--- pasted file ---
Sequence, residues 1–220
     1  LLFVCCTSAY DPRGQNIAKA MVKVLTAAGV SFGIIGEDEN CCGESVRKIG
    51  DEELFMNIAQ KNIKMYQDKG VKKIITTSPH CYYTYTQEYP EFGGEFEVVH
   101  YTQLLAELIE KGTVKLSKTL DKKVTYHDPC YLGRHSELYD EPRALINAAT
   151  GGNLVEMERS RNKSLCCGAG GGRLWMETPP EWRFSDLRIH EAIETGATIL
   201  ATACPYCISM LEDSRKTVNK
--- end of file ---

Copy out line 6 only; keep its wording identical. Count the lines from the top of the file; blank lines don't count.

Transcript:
   201  ATACPYCISM LEDSRKTVNK